In a major announcement, the Supreme Court of India on April 22 set up a three-member panel to monitor implementation of road safety measures, including emergency medical help to accident victims. A three-judge bench headed by Chief Justice of India P Sathasivam asked the government to make available better medical facilities on an experimental basis on national highways and roads under state governments. The apex court directed all state governments and various federal ministries involved in various road safety issues to submit their first report to the committee in three months indicating the state of implementation of all laws pertaining to licensing, certification of fitness of vehicles, passenger/weight carrying capacity, use of road safety devices, adherence to road user norms and deployment of adequate manpower for enforcement of existing provisions of law.
According to official data, one serious road accident occurs every minute in India, one person dies in a road traffic accident every four minutes, and over 1.30 lakh people die in road traffic accidents every year in India. The apex court’s announcement is particularly significant in the context of Jammu and Kashmir, where road accidents, a rarity some three decades ago, seem to be the order of the day. Not a day passes when newspapers do not report deaths caused by road mishaps. The Kashmir Valley, in particular, is facing a rising graph of road accidents. But this is something that has been commanding least attention of the authorities. And ironically, the accident-related figures are issued by the police in the evening much like the situation reports about the militancy-related incidents a few years before. Some quarters even see the growing incidence of the traffic mishaps as a marker of normalcy: the government itself sometimes boasts about the fact of the deaths in traffic accidents overtaking the killings in the ongoing conflict in the state.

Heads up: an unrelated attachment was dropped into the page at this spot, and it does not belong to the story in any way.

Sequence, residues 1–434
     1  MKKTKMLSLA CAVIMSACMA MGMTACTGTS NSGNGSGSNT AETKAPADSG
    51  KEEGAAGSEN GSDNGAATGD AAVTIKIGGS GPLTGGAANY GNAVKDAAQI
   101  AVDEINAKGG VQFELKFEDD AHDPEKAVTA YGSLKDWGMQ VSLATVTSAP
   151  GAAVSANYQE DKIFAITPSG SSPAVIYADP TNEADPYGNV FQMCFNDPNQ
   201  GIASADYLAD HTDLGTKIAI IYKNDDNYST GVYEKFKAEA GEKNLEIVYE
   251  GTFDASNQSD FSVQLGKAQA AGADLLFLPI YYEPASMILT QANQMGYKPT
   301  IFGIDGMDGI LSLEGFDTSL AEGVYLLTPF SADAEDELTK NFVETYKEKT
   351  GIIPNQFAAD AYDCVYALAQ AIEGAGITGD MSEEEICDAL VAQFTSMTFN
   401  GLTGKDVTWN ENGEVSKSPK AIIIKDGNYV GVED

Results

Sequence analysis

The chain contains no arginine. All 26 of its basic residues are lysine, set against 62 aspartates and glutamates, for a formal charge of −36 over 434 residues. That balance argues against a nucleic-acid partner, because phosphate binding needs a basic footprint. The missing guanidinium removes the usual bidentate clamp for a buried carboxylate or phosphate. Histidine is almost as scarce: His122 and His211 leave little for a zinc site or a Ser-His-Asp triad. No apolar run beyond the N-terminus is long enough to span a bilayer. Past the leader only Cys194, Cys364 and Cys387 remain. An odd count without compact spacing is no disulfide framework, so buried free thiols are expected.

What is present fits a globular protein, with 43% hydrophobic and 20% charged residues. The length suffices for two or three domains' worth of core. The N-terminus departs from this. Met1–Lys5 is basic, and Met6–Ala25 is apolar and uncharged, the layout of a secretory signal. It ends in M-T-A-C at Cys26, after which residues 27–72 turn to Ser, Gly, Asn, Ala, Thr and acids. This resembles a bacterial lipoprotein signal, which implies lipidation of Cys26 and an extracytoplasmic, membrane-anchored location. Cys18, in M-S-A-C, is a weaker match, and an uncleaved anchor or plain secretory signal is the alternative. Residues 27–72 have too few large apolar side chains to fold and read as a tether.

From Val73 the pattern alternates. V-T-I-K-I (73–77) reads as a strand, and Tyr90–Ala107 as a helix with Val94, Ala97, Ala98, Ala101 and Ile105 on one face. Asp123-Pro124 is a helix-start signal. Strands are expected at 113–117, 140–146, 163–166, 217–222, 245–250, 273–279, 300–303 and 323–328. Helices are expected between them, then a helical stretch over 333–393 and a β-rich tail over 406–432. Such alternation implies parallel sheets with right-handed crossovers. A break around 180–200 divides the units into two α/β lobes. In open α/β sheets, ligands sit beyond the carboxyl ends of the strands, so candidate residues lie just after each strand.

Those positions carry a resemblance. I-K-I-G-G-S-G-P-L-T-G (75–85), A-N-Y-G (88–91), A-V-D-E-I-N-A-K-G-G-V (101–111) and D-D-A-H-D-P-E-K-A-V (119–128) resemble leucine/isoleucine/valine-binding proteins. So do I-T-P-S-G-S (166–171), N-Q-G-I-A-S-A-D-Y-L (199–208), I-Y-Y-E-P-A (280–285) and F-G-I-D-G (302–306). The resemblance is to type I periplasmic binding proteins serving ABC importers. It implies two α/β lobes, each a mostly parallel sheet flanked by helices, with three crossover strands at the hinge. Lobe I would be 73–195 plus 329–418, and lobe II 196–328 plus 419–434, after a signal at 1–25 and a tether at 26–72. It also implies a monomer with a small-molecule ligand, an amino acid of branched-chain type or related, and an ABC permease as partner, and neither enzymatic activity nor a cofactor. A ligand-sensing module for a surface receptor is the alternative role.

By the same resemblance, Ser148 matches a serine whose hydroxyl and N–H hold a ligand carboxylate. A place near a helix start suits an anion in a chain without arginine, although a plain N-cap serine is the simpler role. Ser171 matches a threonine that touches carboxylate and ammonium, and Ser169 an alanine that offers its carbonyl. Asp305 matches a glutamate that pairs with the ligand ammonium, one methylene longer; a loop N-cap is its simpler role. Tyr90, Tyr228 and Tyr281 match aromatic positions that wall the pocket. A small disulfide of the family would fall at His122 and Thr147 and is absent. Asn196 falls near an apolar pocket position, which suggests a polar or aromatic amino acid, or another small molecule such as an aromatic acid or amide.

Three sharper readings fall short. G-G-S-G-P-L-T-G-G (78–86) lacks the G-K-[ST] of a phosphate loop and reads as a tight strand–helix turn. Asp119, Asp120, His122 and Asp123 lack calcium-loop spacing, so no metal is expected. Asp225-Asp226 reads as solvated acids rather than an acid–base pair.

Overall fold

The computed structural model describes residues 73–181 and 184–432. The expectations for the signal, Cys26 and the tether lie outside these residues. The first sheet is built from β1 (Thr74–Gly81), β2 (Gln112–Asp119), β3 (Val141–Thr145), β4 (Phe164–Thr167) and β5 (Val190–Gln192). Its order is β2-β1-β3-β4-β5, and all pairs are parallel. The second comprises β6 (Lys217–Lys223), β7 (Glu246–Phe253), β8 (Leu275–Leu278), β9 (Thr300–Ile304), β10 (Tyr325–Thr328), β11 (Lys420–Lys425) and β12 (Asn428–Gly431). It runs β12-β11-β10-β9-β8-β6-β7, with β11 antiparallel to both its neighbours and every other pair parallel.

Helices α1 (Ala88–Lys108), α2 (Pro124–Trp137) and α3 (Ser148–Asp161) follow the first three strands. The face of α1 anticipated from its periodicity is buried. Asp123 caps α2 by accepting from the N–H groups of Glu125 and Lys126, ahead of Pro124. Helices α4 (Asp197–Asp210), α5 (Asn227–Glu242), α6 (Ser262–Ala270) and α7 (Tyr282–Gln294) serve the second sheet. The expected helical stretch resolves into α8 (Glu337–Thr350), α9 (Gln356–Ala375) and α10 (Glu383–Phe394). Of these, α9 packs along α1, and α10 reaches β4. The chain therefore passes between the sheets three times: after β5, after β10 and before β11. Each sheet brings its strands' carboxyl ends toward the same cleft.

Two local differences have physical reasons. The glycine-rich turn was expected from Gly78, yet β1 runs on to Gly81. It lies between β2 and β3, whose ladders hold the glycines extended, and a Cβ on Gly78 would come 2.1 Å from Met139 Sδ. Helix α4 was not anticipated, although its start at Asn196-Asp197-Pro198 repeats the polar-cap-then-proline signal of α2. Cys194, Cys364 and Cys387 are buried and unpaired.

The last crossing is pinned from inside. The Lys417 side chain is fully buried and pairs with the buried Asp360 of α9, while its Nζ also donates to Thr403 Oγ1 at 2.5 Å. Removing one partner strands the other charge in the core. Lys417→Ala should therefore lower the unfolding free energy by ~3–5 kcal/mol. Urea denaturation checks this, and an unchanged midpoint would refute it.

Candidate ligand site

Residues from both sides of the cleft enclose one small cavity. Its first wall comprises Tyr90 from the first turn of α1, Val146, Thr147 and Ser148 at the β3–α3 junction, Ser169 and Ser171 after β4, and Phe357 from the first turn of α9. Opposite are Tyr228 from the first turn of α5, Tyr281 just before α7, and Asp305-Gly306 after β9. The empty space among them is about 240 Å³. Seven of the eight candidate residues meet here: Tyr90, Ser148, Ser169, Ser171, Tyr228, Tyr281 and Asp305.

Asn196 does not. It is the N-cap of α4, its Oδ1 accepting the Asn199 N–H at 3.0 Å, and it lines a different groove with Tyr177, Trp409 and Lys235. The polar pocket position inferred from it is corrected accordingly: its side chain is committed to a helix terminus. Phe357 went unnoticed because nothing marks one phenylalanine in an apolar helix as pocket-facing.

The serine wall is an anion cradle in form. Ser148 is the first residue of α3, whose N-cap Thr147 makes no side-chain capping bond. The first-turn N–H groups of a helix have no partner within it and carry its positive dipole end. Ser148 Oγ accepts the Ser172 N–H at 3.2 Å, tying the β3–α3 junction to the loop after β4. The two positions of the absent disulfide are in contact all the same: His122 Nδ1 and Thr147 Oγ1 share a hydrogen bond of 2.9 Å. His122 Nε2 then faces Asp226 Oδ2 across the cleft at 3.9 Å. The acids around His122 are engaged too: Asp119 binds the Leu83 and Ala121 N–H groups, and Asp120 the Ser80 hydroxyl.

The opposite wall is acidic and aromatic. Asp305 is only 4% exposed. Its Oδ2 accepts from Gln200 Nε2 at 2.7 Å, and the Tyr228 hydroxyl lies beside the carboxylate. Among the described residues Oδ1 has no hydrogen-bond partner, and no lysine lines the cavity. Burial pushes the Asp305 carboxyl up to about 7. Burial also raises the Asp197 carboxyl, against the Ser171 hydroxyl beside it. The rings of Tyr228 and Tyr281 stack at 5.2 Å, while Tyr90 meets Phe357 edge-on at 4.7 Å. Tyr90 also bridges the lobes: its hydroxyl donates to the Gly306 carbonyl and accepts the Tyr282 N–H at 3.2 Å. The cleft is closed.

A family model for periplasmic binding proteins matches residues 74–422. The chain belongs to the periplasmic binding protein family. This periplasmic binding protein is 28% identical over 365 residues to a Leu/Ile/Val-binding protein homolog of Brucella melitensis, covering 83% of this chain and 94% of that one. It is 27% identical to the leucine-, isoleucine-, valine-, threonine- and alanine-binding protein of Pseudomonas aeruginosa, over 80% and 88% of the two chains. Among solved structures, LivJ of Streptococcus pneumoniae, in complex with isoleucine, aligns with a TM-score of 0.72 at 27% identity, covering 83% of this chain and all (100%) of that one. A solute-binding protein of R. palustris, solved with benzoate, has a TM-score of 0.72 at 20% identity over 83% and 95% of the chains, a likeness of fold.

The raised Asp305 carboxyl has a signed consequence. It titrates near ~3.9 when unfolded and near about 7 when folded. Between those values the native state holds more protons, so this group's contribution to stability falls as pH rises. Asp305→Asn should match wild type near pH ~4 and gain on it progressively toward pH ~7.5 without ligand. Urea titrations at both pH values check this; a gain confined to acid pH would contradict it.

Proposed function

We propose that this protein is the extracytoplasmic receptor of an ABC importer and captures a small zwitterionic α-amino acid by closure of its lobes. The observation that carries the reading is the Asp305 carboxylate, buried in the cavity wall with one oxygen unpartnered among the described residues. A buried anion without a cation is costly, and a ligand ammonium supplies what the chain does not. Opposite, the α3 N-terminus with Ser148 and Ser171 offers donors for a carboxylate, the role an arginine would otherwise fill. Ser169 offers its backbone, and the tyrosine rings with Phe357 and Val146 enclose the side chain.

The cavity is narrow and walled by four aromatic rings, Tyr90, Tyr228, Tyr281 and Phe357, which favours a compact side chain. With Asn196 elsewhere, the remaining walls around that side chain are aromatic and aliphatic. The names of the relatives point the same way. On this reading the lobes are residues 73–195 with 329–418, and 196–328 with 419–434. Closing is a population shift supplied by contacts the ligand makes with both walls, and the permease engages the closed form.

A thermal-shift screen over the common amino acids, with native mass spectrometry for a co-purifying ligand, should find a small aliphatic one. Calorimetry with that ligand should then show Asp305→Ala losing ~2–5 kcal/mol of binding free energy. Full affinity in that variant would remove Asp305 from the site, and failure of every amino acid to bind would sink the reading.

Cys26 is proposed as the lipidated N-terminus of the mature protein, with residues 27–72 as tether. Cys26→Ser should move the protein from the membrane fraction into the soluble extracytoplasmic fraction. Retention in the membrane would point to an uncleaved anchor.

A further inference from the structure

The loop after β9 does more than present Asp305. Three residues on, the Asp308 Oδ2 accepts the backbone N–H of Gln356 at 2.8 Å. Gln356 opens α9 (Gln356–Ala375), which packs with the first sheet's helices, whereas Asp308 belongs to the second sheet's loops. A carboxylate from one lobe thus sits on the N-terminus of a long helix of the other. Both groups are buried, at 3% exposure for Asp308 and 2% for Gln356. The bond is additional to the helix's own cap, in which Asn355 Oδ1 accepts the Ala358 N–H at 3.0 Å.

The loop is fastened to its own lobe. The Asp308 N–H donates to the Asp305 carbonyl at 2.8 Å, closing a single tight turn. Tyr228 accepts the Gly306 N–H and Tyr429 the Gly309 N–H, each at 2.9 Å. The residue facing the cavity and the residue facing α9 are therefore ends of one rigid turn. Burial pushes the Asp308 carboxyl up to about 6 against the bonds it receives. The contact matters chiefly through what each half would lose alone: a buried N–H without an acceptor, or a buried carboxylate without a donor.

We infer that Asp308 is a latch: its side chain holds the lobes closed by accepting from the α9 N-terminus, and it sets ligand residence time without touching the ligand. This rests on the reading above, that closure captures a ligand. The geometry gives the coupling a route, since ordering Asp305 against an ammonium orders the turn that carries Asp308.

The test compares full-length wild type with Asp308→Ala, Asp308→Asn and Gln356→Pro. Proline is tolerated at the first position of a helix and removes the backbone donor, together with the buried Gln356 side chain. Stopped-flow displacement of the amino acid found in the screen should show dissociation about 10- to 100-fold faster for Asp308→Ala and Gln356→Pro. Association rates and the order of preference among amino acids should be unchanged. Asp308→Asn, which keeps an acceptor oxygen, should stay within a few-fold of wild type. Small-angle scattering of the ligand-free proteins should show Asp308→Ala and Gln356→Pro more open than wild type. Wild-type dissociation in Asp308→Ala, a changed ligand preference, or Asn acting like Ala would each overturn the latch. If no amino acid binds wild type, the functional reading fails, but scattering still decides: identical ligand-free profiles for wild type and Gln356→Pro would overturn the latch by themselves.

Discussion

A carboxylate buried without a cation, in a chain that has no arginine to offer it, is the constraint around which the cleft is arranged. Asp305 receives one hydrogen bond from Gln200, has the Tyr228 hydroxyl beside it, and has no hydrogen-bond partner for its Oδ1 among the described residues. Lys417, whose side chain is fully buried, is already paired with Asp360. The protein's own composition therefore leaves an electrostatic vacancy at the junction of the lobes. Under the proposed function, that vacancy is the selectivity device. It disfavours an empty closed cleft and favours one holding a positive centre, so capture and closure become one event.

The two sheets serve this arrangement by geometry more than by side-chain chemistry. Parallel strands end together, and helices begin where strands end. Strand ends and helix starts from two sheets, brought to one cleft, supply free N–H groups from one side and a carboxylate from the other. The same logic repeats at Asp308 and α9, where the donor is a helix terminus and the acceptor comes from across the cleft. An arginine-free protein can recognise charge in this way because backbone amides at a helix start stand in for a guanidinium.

Considering the official figures for the past four years, the accidents have taken a heavy toll in human lives. Nearly 5,000 persons have been killed and 30,000 injured in about 20,000 road accidents in the state in the last three years. This reveals a very grim situation prevailing on the roads in the state. No one can deny that the state has witnessed an unprecedented growth in the volume of traffic in recent years while the roads have not expanded commensurately in length and width. The problem is also that the traffic in the state has become messy and the Traffic Department as a result of the severe shortage of staff finds it difficult to handle it.
Pathetically inadequate infrastructure is the other problem which is hampering the smooth flow of traffic in the state. Now in the backdrop of the apex court’s order, the government needs to work to bring some order back to our streets.